It has been so annoying at White Hart Lane this past year or so, having to walk round walkways and under awnings and dodge fences and hoardings, losing all sense of direction. Millions of pounds were being poured into what appeared to be a hole in the ground. The new stadium will replace part of one end of the present one, which was built in 1898. It has been hard not to be unaware of what’s going on, continually asking ourselves, as we take our seats: did the earth move for you?

Now, at long last, you can see what will be there, when it emerges from the scaffolding in another year. Awesome, of course. And, har, har, it will hold more people than Arsenal’s new home by 1,000 (61,000, as opposed to the puny Emirates, with only 60,000). At each home game, I am thinking about the future, wondering how my treasures will fare: will they be happy there?

No, I don’t mean Harry Kane, Danny Rose and Kyle Walker – local as well as national treasures. Not many Prem teams these days can boast quite as many English persons in their ranks. I mean my treasures, stuff wot I have been collecting these past 50 years.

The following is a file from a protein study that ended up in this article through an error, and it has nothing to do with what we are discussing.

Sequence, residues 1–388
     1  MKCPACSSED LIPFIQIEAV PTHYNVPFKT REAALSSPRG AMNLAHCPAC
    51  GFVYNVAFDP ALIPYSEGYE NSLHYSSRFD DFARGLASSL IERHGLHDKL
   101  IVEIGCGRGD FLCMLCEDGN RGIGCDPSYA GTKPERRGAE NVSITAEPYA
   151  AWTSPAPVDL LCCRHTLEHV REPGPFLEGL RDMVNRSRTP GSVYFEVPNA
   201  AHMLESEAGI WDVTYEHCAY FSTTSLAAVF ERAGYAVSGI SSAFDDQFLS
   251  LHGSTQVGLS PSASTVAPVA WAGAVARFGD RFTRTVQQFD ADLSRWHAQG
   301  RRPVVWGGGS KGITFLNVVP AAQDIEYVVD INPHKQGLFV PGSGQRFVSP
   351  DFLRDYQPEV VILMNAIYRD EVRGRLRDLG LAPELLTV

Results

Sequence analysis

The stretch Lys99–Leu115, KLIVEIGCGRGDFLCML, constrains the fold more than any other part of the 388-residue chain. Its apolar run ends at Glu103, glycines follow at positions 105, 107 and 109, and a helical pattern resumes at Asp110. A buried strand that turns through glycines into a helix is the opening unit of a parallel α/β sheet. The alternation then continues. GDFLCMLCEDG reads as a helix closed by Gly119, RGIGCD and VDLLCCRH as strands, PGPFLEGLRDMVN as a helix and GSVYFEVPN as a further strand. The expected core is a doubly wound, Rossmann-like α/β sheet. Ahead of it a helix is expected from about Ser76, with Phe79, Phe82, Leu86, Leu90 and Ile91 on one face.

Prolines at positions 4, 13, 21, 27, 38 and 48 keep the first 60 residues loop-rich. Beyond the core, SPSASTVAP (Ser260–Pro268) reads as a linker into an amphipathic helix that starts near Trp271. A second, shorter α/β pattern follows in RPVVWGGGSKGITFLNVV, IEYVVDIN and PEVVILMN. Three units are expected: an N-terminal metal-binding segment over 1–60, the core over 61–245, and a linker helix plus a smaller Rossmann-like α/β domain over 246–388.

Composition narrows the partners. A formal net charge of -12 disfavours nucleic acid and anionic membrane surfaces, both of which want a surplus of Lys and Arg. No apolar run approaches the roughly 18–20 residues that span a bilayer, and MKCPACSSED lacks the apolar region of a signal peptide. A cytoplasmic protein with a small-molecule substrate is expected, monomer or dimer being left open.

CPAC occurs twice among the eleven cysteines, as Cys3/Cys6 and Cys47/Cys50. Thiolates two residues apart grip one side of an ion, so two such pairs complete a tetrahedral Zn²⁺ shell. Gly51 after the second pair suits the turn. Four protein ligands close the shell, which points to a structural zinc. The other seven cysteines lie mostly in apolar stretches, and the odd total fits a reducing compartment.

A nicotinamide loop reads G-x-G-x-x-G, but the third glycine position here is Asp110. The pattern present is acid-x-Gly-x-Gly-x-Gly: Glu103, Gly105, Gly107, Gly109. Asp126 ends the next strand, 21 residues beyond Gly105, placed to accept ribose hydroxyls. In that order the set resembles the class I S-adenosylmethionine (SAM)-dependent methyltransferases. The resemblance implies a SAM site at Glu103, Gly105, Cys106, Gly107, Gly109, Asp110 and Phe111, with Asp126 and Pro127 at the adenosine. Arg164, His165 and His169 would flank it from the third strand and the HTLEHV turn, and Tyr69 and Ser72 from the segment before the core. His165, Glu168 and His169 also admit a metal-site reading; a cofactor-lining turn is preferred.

About ten years ago, I went to a shareholders’ meeting at White Hart Lane when the embryonic plans for the new stadium were being announced. I stood up when questions were called for and asked the chairman, Daniel Levy, about having a museum in the new stadium. I told him that Man United had made £1m the previous year from their museum. Surely Spurs should make room for one in the brave new mega-stadium – to show off our long and proud history, delight the fans and all those interested in football history and make a few bob.

He mumbled something – fluent enough, as he did go to Cambridge – but gave nothing away, like the PM caught at Prime Minister’s Questions with an unexpected question.